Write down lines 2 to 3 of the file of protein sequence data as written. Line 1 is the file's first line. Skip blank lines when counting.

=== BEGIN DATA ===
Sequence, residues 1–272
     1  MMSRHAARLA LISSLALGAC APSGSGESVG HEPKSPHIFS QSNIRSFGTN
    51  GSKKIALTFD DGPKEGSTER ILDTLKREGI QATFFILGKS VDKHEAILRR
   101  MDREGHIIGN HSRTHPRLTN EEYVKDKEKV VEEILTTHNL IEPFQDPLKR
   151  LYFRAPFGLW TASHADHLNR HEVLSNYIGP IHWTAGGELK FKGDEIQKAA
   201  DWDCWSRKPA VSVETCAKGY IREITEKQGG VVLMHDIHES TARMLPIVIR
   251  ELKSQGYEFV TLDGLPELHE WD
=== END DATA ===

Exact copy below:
     1  MMSRHAARLA LISSLALGAC APSGSGESVG HEPKSPHIFS QSNIRSFGTN
    51  GSKKIALTFD DGPKEGSTER ILDTLKREGI QATFFILGKS VDKHEAILRR